Astrology began in Babylonia about two and half millennia ago. The Babylonians, believing the planets and their motions influenced the fortunes of kings and nations, used their knowledge of astronomy to guide their rulers. When the Babylonian culture was absorbed by the Greeks, astrology gradually came to influence the entire Western world and eventually spread to Asia as well.
By the 2nd century BCE the Greeks democratized astrology by developing the idea that the planets influence every individual. In particular, they believed that the configuration of the Sun, Moon, and planets at the moment of birth affected a person’s personality and fortune—a doctrine called natal astrology. Natal astrology reached its peak with Ptolemy 400 years later. As famous for his astrology as for his astronomy, Ptolemy compiled the Tetrabiblos, a treatise on astrology that remains the “bible” of the subject. It is essentially this ancient religion, older than Christianity or Islam, that is still practiced by today’s astrologers.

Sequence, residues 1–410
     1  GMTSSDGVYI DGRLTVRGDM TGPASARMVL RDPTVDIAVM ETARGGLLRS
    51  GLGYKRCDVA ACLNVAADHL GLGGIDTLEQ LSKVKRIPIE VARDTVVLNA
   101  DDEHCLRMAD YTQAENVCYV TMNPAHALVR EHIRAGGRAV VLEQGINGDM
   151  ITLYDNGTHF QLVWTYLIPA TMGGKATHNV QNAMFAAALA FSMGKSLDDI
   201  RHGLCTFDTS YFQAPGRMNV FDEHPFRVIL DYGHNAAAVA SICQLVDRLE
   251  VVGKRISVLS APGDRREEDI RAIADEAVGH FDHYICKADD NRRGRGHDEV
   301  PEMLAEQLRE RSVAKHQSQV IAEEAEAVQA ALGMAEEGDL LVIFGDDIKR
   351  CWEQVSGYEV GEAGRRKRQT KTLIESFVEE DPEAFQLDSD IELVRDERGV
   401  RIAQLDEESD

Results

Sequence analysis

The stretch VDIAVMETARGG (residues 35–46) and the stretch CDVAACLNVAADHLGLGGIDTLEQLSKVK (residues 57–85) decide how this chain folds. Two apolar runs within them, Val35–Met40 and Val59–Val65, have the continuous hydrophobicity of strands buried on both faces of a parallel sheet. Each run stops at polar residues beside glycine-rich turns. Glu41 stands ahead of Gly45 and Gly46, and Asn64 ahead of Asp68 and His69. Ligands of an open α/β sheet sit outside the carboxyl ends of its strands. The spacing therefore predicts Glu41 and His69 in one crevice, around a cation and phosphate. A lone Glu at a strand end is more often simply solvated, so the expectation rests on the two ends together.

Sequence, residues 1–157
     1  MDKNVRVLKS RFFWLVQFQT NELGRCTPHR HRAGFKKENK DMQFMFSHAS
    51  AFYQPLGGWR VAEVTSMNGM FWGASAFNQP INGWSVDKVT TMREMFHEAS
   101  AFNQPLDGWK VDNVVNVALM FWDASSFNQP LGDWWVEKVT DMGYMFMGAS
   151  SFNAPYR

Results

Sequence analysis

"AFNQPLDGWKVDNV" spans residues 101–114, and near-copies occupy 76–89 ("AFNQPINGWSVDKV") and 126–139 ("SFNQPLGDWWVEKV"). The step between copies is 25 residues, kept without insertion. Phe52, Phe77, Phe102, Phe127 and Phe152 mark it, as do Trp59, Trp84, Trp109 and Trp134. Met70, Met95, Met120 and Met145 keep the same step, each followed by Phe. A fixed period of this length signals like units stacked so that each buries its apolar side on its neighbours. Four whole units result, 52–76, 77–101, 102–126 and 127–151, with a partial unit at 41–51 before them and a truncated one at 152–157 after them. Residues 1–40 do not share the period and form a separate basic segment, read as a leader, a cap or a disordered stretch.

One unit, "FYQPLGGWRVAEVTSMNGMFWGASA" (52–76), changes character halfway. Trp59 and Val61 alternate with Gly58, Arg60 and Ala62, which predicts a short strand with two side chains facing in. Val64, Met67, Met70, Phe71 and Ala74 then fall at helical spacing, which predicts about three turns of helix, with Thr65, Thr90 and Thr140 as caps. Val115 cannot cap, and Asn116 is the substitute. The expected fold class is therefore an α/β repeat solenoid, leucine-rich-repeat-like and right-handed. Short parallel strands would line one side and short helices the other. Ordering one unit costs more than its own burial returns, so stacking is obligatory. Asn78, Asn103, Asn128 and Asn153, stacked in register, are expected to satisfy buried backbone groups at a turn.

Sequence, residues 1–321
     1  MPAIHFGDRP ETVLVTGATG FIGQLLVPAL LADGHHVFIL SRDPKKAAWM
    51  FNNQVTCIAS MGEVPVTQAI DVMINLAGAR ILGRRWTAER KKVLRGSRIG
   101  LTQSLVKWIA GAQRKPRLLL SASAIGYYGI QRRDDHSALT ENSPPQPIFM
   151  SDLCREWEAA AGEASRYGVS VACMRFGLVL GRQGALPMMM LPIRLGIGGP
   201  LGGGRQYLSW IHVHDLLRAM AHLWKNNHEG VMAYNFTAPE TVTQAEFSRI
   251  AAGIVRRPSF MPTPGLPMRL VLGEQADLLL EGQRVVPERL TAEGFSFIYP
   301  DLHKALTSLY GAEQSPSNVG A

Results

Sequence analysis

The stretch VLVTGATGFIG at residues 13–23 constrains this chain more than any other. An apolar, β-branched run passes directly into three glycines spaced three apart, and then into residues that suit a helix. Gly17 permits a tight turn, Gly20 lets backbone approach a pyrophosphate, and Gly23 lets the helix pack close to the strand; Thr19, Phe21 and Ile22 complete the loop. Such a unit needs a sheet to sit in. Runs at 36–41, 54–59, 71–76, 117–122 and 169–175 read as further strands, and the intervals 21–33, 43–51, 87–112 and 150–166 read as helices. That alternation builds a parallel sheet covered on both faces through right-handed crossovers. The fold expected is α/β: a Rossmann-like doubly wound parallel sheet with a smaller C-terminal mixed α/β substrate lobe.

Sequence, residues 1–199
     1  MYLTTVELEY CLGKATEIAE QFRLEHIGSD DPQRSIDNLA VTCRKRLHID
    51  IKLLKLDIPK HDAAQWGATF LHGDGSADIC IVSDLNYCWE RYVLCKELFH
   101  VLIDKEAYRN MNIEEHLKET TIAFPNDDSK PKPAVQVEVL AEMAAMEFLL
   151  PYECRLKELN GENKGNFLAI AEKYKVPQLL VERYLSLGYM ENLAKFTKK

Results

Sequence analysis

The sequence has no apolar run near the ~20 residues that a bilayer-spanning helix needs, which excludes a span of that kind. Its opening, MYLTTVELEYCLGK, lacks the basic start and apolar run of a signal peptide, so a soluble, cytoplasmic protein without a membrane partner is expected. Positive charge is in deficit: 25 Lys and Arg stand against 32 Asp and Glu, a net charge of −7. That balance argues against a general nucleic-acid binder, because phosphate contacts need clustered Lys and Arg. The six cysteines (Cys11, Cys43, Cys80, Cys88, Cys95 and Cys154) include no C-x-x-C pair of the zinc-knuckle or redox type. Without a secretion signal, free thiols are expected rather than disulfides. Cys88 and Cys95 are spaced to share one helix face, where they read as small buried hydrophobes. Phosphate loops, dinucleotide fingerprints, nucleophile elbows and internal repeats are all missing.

The key to natal astrology is the horoscope, a chart showing the positions of the planets in the sky at the moment of an individual’s birth. The word “horoscope” comes from the Greek words hora (meaning “time”) and skopos (meaning a “watcher” or “marker”), so “horoscope” can literally be translated as “marker of the hour.” When a horoscope is charted, the planets (including the Sun and Moon, classed as wanderers by the ancients) must first be located in the zodiac. At the time astrology was set up, the zodiac was divided into 12 sectors called signs (Figure 2.15), each 30° long. Each sign was named after a constellation in the sky through which the Sun, Moon, and planets were seen to pass—the sign of Virgo after the constellation of Virgo, for example.